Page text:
Spatial development policy stipulates the Republic’s priorities of town and country planning, determines development areas and axes, and specific areas and corridors of the transport and technical infrastructure of national importance. Spatial development policy is compulsory for the whole territory of the Republic and is approved by the Government. It is binding for procurement and issuance of development principles, plans, regulatory plans, and for decision-making in the area.
Development principles delimit the areas and corridors of supra local importance and determine the requirements for their utilization, plus they coordinate the planning activities of municipalities. Development principles are procured for the whole territory of the administrative region. They are binding for procurement and issuance of the plans, regulatory plans and for decision-making in the area.
The plan determines the basic concept of the development of the municipality, protection of its values, its areal and spatial arrangement, and arrangement of the landscape. The plan delimits the developed area, areas with development potential and the areas delimited for the alteration of existing development, and determines the conditions for utilization of these areas. The procurement of the plan is not mandatory. If it is procured, it applies to the whole territory of the municipality and it is binding for issuance of the regulatory plan and for decision-making within the area.
The regulatory plan determines the detailed conditions for the use of the grounds and for the location and spatial arrangement of structures (e.g. the street lines and height of structures). The procurement of the regulatory plan is not mandatory. If it is procured, it applies to the given territory of the municipality and it is binding for decision-making within the area.
Planning Analytical Materials
The planning analytical materials contain the ascertainment and assessment of the state and development of the area, its values and limitations, programmes for executing the changes in the area, assessing the area sustainable development, and determination of problems for solution. It is mandatory for all regions and municipalities to procure planning analytical materials. They are not binding, however, they form the basis for the planning documentation. The materials are continuously updated.
The Planning study suggests, examines and considers possible solutions of selected problems or selected parts of the area. Planning studies are procured as needed, for selected parts of the area. They are not binding, however, they form the basis for decision-making.
TOWN AND COUNTRY PLANNING SYSTEM:
The land planning system in the Czech Republic is hierarchical. Higher level planning documentation is binding for the lower level planning documentation. Lower level planning documentation conflicting with subsequently commissioned higher level documentation shall not apply. Generally, the higher level planning documentation should not include details concerning issues that belong to the lower level, which involves more detailed documentation. The scope of competence of different planning authorities is hierarchical as well – from the ministries to the regional and local authorities.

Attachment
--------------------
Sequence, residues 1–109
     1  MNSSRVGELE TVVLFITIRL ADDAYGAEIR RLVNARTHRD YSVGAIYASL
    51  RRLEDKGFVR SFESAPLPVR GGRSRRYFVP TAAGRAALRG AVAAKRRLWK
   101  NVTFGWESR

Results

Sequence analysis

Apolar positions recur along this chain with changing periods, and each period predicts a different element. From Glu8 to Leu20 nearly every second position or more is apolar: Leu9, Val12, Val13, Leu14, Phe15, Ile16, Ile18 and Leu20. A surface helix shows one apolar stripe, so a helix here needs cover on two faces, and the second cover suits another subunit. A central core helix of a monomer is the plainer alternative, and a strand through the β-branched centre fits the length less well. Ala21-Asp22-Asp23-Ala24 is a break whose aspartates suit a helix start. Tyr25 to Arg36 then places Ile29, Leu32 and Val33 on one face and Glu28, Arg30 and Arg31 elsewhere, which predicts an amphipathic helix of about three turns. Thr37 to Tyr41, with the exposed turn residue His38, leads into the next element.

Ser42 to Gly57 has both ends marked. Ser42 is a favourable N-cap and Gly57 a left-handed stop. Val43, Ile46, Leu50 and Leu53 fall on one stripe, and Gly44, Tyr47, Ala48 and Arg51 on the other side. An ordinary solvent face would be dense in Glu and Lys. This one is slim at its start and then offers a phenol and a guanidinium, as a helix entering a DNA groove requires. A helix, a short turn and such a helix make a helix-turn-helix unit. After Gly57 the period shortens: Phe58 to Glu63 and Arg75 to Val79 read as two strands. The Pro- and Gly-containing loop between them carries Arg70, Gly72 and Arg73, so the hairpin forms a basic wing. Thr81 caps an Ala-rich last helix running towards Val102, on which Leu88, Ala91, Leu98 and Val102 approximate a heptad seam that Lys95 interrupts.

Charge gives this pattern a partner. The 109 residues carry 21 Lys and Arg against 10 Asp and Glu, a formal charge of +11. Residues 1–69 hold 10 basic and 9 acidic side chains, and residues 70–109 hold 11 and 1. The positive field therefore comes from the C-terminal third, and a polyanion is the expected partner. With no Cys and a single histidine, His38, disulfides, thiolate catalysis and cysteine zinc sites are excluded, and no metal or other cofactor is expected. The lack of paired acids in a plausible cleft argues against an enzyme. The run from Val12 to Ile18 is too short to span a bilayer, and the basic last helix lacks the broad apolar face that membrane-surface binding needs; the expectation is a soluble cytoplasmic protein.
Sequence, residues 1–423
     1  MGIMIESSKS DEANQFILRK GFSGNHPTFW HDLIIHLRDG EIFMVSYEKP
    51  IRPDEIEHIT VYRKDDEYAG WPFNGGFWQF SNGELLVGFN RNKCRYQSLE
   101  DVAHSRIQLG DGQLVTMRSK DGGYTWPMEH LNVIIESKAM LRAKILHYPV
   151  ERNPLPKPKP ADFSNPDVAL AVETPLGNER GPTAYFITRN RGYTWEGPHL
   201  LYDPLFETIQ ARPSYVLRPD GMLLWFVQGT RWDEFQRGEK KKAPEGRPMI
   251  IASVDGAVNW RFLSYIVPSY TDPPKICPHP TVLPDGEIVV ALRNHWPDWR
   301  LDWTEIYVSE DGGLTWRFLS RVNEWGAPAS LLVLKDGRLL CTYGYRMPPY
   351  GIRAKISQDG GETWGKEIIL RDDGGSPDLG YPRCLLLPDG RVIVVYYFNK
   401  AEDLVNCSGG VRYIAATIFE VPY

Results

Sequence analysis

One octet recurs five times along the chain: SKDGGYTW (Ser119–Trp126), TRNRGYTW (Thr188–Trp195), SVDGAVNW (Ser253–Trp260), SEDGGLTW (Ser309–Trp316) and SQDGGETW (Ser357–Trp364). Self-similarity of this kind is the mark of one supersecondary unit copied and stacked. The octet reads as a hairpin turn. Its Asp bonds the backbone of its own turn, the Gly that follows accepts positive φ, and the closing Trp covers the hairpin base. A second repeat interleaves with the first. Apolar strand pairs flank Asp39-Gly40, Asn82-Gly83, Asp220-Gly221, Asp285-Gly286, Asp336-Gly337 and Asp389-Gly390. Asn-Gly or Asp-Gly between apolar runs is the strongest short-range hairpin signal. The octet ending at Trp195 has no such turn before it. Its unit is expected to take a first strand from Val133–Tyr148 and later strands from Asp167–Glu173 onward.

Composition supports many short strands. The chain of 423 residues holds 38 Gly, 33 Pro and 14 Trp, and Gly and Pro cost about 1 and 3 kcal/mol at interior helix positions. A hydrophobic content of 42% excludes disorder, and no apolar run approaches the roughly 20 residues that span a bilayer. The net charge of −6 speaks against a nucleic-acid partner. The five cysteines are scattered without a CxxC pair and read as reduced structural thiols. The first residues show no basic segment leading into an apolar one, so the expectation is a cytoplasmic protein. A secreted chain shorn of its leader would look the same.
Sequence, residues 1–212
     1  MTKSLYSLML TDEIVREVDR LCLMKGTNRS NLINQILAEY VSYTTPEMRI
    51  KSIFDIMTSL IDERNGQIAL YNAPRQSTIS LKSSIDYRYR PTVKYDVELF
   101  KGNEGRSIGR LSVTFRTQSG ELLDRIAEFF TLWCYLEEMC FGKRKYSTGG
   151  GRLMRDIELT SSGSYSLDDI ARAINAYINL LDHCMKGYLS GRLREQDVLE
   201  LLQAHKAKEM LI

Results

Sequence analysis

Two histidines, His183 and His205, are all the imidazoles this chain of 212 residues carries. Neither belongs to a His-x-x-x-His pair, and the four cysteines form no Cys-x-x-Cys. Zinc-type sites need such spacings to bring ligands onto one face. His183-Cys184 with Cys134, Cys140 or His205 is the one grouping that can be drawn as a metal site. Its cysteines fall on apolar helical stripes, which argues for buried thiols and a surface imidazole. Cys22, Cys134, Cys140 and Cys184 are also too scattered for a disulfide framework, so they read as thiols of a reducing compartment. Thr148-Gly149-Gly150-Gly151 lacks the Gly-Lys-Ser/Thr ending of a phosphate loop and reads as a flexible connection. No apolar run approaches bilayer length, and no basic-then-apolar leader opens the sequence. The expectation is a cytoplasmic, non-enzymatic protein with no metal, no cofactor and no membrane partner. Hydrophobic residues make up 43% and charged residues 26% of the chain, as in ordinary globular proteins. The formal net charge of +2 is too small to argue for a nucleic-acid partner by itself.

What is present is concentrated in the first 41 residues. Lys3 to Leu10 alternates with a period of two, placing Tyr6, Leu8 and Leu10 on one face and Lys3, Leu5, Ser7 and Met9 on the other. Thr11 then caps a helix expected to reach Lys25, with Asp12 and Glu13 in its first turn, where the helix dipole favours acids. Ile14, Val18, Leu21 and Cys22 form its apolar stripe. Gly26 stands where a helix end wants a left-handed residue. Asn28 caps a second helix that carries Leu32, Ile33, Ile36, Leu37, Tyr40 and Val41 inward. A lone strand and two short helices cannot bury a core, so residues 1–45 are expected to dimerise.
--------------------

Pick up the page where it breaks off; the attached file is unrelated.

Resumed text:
• Ministry of Regional Development (provide the spatial development policy and methodical support)
• Ministry of Defence (planning in army areas)
• Regional Government Authorities (provide protection and value development of a region)
• Municipal Authorities (provide protection and value development of the municipal territory; submitted to the regional documents)
PUBLIC PARTICIPATION AND COMMUNICATION
Participants in Planning
The planning process involves politicians (they initiate the procurement of planning documentation and decide on its approval), officials (e.g. municipal offices with extended powers procure plans and relevant authorities comment on them) and designers (who process the documentation). Processing of planning documentation or of planning permission documentation or project documentation as well as professional construction supervision will only be carried out by authorized individuals.
The process of issuance of binding planning documentation involves the engagement of the general public (citizens and civil society organizations). Real estate owners may present objections to the draft documentation and anyone may present their comments.
All comments and objections must be addressed. The general public is in some cases actively engaged in the creation of planning documentation.
TOWN PLANNING MATTERS:
Only authorised planners are entitled to elaborate plans.
Considered as a part of the architectural profession, the Czech Chamber of Architects (CKA) and the Czech Chamber of Civil Engineers (CKAIT) are authorized by law to grant inclusion in a register of professional planners. An architecture or civil engineering degree is required.
MMR, Ministry of Regional Development of Czech Republic:
UUR, Institute for Spatial Development (Ústav územního rozvoje):
AUUP ČR, Association for Urban and Regional Planning of the Czech Republic:
ČKA, Czech Chamber of Architects: